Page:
current window and most probably not equal to d3

so we have with current invariance:

   util_sum' = utilsum * y^(p/F) + 
                                              (p/F - 1)
               F * d1 * y^(p/F) + F * 1024 * \Sum y^n + F * d'3 * y^0
 	                                          n=1

with the new invariance we have

   util_sum' = utilsum * y^(F*p/F) + 
                                        (F*p/F - 1)
               d1 * y^(F*p/F) + 1024 * \Sum y^n + d3 * y^0
 	                                    n=1

For a sleeping time of d at max capacity, we have
a sleeping time d'=d-l, with l the lost time of the previous running time
With the current implementation: 
  util_sum' = utilsum * y^(p')
  util_sum' = utilsum * y^(p-l)

With the new invaraince, we have 
  util_sum' = utilsum * y^(p'+l)
  util_sum' = utilsum * y^(p-l+l)

> 

> And we can collect the common term F:

> 

>   util_sum' = utilsum * y^p +

> 

>                                       p-1

>               F * (d1 * y^p + 1024 * \Sum y^n + d3 * y^0)

> 	                              n=1

> 

> 

> Which is exactly what we already did.


In the new invariance scale, the F is applied on p not on the contribution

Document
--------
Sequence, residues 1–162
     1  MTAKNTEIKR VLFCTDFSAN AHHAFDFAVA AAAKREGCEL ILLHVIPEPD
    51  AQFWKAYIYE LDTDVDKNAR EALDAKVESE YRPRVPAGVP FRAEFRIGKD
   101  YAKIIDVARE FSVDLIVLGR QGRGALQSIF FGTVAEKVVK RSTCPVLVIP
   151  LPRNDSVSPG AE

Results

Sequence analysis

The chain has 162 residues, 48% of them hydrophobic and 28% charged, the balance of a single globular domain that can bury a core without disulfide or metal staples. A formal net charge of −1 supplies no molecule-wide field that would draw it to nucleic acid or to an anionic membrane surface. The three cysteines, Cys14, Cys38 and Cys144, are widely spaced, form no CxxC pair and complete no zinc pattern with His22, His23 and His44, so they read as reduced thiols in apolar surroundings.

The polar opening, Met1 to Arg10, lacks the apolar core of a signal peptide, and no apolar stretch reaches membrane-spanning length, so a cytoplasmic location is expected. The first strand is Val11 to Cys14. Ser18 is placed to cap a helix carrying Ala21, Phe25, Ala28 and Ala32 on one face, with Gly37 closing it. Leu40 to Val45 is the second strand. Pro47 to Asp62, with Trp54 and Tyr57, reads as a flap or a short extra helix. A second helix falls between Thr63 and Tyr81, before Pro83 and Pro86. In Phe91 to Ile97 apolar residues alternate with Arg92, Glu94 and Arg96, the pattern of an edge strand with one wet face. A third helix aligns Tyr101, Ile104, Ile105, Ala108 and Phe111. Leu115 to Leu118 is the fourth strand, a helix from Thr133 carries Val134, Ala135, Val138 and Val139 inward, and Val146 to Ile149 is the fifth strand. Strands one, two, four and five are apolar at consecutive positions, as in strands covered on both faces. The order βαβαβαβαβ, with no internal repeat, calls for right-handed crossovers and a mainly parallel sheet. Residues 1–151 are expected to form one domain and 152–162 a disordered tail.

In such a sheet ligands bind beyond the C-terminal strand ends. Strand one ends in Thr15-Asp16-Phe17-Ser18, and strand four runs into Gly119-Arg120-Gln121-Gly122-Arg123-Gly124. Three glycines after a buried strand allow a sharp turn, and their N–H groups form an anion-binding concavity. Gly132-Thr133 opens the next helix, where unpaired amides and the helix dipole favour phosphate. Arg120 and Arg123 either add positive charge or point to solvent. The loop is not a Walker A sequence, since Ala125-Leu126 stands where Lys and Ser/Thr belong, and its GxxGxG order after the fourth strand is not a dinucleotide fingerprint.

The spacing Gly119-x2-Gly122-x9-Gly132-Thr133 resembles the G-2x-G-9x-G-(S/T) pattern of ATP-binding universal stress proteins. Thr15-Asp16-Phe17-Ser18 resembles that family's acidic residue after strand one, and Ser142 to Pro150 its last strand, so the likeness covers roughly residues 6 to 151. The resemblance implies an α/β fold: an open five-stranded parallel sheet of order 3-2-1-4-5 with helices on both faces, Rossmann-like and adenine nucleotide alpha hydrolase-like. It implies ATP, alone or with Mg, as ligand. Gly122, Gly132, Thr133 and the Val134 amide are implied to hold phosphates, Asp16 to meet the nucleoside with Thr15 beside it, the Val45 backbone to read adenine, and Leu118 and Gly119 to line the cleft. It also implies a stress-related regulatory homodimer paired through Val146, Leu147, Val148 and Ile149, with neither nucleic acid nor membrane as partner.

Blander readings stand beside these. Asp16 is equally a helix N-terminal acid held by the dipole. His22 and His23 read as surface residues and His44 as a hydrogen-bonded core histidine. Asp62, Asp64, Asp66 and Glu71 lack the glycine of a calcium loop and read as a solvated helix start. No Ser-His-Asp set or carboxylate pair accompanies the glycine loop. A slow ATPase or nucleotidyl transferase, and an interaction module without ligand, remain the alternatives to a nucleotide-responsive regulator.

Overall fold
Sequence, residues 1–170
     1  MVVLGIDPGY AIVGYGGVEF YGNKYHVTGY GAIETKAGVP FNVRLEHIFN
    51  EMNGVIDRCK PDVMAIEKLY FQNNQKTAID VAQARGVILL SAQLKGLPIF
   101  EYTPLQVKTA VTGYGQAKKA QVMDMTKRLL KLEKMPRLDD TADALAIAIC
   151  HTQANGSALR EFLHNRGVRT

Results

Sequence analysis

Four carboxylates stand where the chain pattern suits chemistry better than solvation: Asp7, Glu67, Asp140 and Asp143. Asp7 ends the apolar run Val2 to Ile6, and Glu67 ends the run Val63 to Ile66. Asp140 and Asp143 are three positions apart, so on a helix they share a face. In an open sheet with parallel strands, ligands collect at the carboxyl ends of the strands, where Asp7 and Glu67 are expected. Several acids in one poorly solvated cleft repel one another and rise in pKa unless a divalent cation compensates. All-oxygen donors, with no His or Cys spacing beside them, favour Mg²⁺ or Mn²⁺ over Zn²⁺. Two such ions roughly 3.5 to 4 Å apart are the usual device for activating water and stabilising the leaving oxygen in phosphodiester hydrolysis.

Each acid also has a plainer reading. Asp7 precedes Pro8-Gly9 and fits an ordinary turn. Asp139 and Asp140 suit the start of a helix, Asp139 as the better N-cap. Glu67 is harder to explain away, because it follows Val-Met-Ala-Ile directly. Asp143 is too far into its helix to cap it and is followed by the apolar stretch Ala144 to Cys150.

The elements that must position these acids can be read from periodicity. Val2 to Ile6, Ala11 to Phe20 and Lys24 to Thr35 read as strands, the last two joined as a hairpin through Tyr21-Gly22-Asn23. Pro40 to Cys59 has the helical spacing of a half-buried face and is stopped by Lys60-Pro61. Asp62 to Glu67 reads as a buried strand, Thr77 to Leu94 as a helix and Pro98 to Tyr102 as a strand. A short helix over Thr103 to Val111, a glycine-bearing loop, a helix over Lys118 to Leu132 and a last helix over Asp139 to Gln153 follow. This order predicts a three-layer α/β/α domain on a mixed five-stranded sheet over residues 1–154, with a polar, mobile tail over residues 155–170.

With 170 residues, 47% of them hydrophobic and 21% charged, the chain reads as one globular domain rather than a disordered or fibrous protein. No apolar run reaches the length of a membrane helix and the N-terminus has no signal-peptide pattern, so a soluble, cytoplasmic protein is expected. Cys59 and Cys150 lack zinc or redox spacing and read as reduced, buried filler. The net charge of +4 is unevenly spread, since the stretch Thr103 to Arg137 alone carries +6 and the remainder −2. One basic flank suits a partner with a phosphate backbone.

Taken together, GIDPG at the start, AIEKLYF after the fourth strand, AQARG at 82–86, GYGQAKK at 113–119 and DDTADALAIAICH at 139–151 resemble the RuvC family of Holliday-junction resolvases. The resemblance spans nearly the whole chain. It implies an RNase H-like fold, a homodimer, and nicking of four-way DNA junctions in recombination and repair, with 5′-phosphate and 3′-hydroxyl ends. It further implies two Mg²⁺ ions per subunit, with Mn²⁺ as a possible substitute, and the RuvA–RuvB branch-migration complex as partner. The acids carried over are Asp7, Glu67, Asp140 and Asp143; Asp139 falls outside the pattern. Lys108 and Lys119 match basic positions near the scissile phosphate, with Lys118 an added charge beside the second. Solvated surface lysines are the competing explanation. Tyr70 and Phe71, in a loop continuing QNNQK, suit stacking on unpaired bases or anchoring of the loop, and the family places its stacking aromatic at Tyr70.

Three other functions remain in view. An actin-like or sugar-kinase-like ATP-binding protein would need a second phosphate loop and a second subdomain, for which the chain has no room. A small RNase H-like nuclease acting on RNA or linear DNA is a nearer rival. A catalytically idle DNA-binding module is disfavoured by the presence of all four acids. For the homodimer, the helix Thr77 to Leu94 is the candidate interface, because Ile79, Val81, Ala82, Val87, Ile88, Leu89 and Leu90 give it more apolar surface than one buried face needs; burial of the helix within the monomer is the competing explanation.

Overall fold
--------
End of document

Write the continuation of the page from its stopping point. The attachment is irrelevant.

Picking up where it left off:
value

>

> 

> So now I'm confused. Where did I go wrong?

> 

> 

> Because by scaling the contribution we get the exact result of doing the

> smaller 'running' + 'lost' segments.
Vincent Guittot April 11, 2017, 9:46 a.m. | #6
On 11 April 2017 at 11:12, Peter Zijlstra <peterz@infradead.org> wrote:
> On Tue, Apr 11, 2017 at 09:52:21AM +0200, Vincent Guittot wrote:

>

>> > > + } else if (!weight) {

>> > > +         if (sa->util_sum < (LOAD_AVG_MAX * 1000)) {

>> >

>> > But here I'm completely lost. WTF just happened ;-)

>> >

>> > Firstly, I think we want a comment on why we care about the !weight

>> > case. Why isn't !running sufficient?

>>

>> We track the time when the task is "really" idle but not the time that

>> the task spent to wait for running on the CPU. Running is used to

>> detect when the task is really running and how much idle time has been

>> lost while weight is used to detect when the task is back to sleep

>> state and when we have account the lost idle time.

>

> Huh? You're redefining what 'idle' means wrt. util_sum.

>

> util used to consider anything !running as idle. So this is the main

> trickery? I feel that deserves a comment of exceptional clarity.


So we still decay during runnable but !running state but we don't add
the lost idle time of the previous running step yet.